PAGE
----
Yet another idea for recovering the data from Series80 tapes
ard at p850ug1.demon.co.uk
Sat Oct 29 19:05:09 CDT 2005
> The problem with the old HP 9162-0061 data cartridges is that the
> magnetic coating peels off from the (transparent) tape causing the
> machine to stop accessing the tape with an EOT warning. This is
> actually very good news because it means that the damage is localized
> (a few mm of tape with scrapped off magnetic coating).
> BTW here is a picture of a damaged tape:
> My guess is that the magnetic coating gets scrapped off the tape
> during fast motion (rewind or fast forward), so presumably if you
Hmmm. I thought it was where the taps stuch to itself, or to the drive
belt, when the catridge was stored. In which case your idea might not
> simply advance the tape over the heads at normal read speed (10 ips)
> the tape will survive for a single pass (there are two tracks on the
> tape, but since the head is not moving, I assume that you can read
> both tracks at the same time).
I would think so. The head is not moved between tracks, it's electrically
> Now since we have only one attempt, and we are likely to encounter errors,
> I do not want to have the Series 80 firmware involved in the process.
> I would like to simply record the info (via a PC) to a .wav file and then
> process that file to see if anything can be extracted.
> To do this I would need to manually rewind the tape till the BOT sensor,
> mount it on the tape drive and advance it past the read/write head
> till I run out of tape (tape unspools from the supply reel).
> While this is going on I am recording the output of both heads via the
> audio in port of my PC sound card (maybe use two separate sound cards to
> avoid cross talk?).
I would think one sound card (with 2 input channels) would be enough. I
think cross talk would be pretty easy to eliminate in software (if it's a
problem at all).
> Data extraction rig:
> 1) audio connection: what kind of set-up would be required to connect the
> heads to the audio card. From the schematics I see that there are essentially
> three connections to each head:
> Head 0: H0, CT0, and HC
> Head 1: H1, CT1, and HC (HC is common to both heads)
> But I am not sure what these are used for.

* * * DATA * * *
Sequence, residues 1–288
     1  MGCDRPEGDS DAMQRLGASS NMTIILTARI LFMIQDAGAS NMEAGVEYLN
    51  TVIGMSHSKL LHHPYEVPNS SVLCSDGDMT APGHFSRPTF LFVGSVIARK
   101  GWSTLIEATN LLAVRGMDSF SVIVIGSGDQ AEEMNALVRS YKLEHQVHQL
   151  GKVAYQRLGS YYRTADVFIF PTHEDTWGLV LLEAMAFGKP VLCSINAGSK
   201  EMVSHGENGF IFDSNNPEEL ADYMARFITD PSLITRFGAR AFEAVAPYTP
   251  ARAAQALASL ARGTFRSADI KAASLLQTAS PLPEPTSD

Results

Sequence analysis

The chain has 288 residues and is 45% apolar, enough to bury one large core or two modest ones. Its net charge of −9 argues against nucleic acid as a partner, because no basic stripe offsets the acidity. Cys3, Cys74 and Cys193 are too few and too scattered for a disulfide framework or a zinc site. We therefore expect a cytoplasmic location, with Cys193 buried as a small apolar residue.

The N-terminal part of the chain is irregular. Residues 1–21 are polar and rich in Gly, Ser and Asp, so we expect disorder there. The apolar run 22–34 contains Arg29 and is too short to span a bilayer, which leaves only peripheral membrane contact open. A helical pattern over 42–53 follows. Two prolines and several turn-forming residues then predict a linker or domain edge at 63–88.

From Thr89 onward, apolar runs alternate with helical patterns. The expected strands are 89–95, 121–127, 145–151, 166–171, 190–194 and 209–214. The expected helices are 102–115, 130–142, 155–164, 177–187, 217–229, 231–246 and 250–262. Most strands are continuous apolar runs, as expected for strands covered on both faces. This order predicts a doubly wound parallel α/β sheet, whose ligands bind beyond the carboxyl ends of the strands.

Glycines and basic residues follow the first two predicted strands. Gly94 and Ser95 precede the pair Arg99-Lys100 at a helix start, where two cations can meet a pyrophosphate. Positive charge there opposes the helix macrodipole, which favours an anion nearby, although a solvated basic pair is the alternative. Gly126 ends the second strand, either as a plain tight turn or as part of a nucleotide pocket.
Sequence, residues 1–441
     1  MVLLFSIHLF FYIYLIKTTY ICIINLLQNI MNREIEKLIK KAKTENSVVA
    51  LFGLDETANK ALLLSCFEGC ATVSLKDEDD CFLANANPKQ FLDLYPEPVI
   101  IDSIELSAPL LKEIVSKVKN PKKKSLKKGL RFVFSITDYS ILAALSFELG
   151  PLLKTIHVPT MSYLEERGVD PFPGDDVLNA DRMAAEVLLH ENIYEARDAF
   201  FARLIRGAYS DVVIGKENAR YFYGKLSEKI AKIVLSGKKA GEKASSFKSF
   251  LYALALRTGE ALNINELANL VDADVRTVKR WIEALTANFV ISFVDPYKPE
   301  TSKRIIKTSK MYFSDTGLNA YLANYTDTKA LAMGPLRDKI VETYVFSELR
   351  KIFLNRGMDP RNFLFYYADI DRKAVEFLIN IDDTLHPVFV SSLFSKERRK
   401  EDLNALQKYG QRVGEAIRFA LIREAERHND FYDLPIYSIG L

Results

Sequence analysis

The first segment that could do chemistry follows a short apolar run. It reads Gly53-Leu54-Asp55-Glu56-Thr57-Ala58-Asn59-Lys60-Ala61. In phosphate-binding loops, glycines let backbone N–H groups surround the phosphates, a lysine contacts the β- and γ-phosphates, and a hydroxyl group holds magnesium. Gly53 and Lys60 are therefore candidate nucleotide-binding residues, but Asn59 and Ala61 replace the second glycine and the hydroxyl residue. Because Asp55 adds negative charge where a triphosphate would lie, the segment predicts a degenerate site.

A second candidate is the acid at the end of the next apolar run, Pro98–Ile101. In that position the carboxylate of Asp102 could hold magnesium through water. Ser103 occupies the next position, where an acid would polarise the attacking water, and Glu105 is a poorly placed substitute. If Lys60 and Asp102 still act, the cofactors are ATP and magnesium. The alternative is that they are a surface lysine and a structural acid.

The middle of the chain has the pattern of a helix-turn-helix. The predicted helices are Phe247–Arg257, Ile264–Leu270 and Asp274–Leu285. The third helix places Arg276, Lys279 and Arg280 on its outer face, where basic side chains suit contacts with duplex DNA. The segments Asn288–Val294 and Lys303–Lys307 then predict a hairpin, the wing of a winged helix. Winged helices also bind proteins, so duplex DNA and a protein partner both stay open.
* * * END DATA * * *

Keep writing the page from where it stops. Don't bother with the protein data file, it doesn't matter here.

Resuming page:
I would assume 'Hn' was the top end of each winding, 'CTn' was a centre
tap and 'HC' was head common.
What I would do (and alas it needs a 'scope would be to remove the R/W
chip and connect the differential inputs of the 'scope to HC and H0
(say). Run a recorded, but unimportant 'scratch tape' through the thing
and see what signal you get. Then design a differential amplifier to
bring it up to the sound card input levels.
The preamp schematic from the 9815/9825 tape drive might be a start. Does
anybody know if those drives are tape and track compatible with the 85
drive? In other words, would the 2 track head of a 9815 correctly read
the tracks on an 85 tape (yes, I know the controllers are very different).
> 2) running the tape at a constant 10ips. There is a circuit that uses
> the tachometer wheel to control the tape speed, but again I am not sure
> how to program (?) the tape controller IC (U1) to move the tape.
> (I may need to disable the BOT/EOT sensors, but that should not be a
Could you not design your own motor controller? It's 'just' a matter of
controlling the motor voltage to get the right frequency output from the
What I would do, actually, is extract the drive from a 'junk' 85 (or a
9815 or something if that drive is compatible) and use virtually none of
the HP electronics. Make my own motor controller and head amplifiers. I
would not want undocumented custom chips around. You might be able to use
the speed control circuit from the 9825, that is all standard chips
> I am lucky to have a 9915A as my test bed which allows far easier access to
> the tape drive mechanism than the HP-85 (and does not have these evil
> ribbon cables).
Incidentally, there are some interesting manuals for the 9915 (and other
HP desktops) on http://www.hpmuseum.net . Even an operating/service
manual for the _keyboard_.
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